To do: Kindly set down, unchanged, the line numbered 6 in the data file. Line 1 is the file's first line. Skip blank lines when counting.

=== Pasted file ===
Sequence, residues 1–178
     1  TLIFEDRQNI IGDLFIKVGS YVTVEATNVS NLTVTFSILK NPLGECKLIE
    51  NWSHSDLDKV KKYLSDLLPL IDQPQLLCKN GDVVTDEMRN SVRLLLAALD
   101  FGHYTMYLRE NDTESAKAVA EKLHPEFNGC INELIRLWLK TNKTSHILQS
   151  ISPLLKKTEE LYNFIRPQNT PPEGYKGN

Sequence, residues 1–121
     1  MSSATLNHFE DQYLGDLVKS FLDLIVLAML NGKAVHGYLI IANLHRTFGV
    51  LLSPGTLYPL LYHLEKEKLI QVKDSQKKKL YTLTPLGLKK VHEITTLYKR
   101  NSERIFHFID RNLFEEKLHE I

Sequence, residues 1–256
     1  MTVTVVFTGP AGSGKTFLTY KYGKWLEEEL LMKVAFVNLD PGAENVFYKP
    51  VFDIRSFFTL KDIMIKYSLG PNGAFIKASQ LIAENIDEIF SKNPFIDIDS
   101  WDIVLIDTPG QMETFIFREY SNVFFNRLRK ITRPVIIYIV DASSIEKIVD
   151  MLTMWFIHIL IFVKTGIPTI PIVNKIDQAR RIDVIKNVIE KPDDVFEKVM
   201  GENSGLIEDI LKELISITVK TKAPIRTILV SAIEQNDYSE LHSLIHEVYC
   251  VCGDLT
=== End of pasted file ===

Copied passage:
Sequence, residues 1–121